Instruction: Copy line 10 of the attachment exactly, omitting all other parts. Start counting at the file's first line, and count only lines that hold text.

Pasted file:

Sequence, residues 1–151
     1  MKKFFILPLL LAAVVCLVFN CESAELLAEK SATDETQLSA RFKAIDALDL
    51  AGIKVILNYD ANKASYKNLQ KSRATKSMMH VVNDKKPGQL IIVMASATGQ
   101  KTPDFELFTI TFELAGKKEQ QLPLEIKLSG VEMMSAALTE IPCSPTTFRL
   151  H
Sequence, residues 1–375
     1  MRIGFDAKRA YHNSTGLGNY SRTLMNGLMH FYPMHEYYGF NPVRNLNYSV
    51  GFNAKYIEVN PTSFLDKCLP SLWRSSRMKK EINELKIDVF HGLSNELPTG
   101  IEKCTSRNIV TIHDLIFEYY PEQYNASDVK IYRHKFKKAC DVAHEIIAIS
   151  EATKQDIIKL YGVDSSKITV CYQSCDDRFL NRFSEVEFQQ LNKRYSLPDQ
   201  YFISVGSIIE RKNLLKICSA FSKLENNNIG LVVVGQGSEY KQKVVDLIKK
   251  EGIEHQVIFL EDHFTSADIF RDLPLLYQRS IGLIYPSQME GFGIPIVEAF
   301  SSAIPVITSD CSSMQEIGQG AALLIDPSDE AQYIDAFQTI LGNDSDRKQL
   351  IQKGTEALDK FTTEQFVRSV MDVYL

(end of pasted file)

   151  EATKQDIIKL YGVDSSKITV CYQSCDDRFL NRFSEVEFQQ LNKRYSLPDQ